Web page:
06/14/2012 10:09 EDT | Updated 12/06/2017 22:00 EST

To The Media, The Caribana Festival Is Code For "Black Crime"


Spectators at last year's Caribbean Carnival Festival parade in Toronto

Late last week I joked with my associate Craigg Slowly that it would be only a matter of time before CFRB radio right wing on-air host Jerry Agar would link the Eaton Centre shooting with the Caribbean Carnival Toronto (the carnival formally known as Caribana).

I don't know if Agar has taken a run at us yet, but, other media outlets have indeed made the tenuous link between an inner-city gang shooting at the Eaton Centre and North America's largest Caribbean cultural event.

The Globe and Mail on Saturday ran a feature on public safety at Yonge and Dundas and somehow managed to use the Caribana name. The reporter, Kelly Grant, listed some of the murders that had occurred near the Yonge/Dundas intersection. In that list was the 2005 murder of a Brampton man in Dundas Square -- he was shot dead in front of police the day after the 2005 Caribana Parade had ended. It was referenced as occurring during Caribana.

On the same day the Toronto Sun columnist, Michele Mandel, quoted an unnamed police officer talking about an unnamed man out on bail being caught at an unnamed Caribana event with a loaded gun. The mystery criminal was, according to Mandel, convicted of the crime but gives no facts to back the quoted mystery officer. Mandel was writing about lax bail monitoring.

I privately contacted the Globe writer Grant to once again say that the 2005 shooting at Dundas Square had nothing to do with our festival (it is like the Groundhog Day movie -- this is the seventh year I have been making these calls). I won't get a retraction, but, I would like them to change the information they have in their "Caribana files" so that the Caribana Dundas Square killing moniker doesn't appear yet again. Grant told me she stands by what she wrote but will take into account the festival's concern the next time.

In an email I explained that I have been involved with the festival formally known as Caribana on and off since 1999. I deal with the media and more often than I would like, I have to deal with false statements made by the media about the festival. I have found that the word Caribana is a codeword for "black crime" when there is a story about gun crime in the GTA in the summer.

Two years ago there was a murder in Ajax at a church that was called the "pre-Caribana Murder", even though it was weeks before the festival, in another city and was at what appeared to have been a private party. Police called it pre-Caribana because many of the partygoers were Caribbean Canadian. The media picked up on that name, until we were able to get a police retraction.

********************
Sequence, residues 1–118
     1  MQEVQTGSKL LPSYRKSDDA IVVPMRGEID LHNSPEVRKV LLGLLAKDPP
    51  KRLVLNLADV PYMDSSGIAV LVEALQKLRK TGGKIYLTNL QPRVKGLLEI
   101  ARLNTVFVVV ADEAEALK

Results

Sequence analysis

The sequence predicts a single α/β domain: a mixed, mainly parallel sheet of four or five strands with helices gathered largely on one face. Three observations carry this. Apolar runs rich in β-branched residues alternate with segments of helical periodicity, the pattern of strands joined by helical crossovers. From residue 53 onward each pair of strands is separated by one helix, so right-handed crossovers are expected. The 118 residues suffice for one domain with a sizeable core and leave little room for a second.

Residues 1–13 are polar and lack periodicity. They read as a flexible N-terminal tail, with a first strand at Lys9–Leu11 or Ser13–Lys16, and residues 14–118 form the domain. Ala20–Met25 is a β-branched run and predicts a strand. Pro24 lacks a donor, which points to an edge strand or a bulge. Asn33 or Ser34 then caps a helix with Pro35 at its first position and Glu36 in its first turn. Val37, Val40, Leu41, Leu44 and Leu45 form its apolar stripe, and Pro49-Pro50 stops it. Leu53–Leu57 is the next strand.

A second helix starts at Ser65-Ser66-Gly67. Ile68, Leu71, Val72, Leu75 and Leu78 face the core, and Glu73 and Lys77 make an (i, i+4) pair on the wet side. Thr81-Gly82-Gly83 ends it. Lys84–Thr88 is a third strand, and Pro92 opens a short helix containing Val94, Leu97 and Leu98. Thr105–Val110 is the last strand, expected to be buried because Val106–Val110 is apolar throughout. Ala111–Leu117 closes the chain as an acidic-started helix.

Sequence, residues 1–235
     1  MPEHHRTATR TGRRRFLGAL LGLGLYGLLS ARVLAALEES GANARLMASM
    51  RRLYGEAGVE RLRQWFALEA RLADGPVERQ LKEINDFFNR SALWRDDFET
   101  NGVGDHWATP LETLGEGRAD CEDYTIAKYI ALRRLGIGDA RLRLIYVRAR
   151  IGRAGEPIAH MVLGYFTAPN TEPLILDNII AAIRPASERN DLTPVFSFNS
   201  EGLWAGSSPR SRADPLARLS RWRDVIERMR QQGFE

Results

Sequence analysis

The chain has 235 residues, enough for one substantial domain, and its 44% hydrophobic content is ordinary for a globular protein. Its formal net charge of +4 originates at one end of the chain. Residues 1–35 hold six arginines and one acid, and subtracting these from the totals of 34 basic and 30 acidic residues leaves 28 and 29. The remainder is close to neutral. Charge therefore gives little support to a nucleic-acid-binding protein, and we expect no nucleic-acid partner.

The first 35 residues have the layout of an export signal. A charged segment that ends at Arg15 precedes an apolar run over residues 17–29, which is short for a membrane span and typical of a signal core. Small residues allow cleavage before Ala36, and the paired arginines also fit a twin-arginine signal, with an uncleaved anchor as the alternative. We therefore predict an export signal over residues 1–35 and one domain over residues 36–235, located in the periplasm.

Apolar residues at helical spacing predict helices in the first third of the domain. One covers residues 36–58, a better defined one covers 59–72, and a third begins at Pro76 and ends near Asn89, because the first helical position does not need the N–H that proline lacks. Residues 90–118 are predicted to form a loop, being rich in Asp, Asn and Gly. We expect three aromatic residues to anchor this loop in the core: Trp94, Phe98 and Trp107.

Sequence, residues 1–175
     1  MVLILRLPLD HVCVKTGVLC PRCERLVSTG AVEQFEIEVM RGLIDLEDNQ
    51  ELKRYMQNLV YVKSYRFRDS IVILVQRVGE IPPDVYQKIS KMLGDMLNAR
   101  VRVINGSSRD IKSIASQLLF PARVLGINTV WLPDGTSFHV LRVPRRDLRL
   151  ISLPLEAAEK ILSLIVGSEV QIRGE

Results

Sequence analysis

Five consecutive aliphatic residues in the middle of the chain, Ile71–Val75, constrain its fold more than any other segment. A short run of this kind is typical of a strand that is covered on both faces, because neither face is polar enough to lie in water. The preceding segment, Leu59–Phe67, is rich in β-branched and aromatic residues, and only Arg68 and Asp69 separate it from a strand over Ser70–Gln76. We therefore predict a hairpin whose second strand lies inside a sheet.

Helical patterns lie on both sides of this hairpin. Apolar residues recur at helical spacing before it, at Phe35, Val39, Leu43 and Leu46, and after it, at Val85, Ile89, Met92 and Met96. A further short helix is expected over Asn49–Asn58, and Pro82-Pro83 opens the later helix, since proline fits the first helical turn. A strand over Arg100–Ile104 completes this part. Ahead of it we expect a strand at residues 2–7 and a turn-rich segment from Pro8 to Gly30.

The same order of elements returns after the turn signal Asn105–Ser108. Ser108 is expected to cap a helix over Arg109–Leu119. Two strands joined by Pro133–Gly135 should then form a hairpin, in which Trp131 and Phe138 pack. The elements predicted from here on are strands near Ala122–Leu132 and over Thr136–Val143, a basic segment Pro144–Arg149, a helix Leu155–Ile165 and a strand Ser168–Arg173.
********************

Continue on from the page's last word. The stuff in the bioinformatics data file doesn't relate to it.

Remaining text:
"Before that," I continued in my email, "there was a teenager murdered by his 'friends' in Pickering a day after the parade. It was called the 'Caribana Murder' by Crime Stoppers, the court and the media. The young victim told his mother he was going to be attending the parade, but there was no indication he did make it there, or that the parade had any bearing on his brutal death in another city."

Before that? A murder of two Montreal men in the Four Seasons parking lot was briefly dubbed a Caribana weekend double murder.

And even before that there was the death of Dwayne Taylor who Grant mentioned in her Globe story. It was 2005. The Caribana Parade had ended the day before Dwayne Taylor, 21, of Brampton, was shot and killed at the Yonge-Dundas Square in front of police officers.

The Caribana parade had ended Saturday afternoon along Lakeshore Blvd, miles from the Sunday morning shooting at Dundas and Yonge. No one was in costume. In fact there were no indications Taylor had attended the parade, or that his killer had been involved in Caribana. Caribana's name was invoked solely because Taylor was black and because there were many Caribbean Canadians in the Square.

Any murder is tragic. All gun crimes must be punished. Falsely linking murder and gun crimes to ethnic-specific cultural events is lazy reporting and a symptom of a larger cultural problem in Toronto. Running columns that abandon fact, only help fuel intolerance in the city.

As for the Toronto Sun, I couldn't reach the columnist, so I did leave a note on their website simply saying that it is unfair to the festival to cite an unnamed police officer talking about an unnamed armed criminal busted at an unspecified "Caribana events" without any facts to back allegations that a man was caught with a gun at the festival. The year, the location of the crime, the name of the criminal and information about the court bail hearing would add credence to the story. Neither the columnist or the paper has responded.

It is important that as the PR guy for the festival, I have to honestly answer all questions about public safety. I know the festival will be asked about a fatal police shooting after our parade ended last year -- those questions must be answered. It is equally important that we always stare down wrongful reports about previous crimes mythically linked to the festival.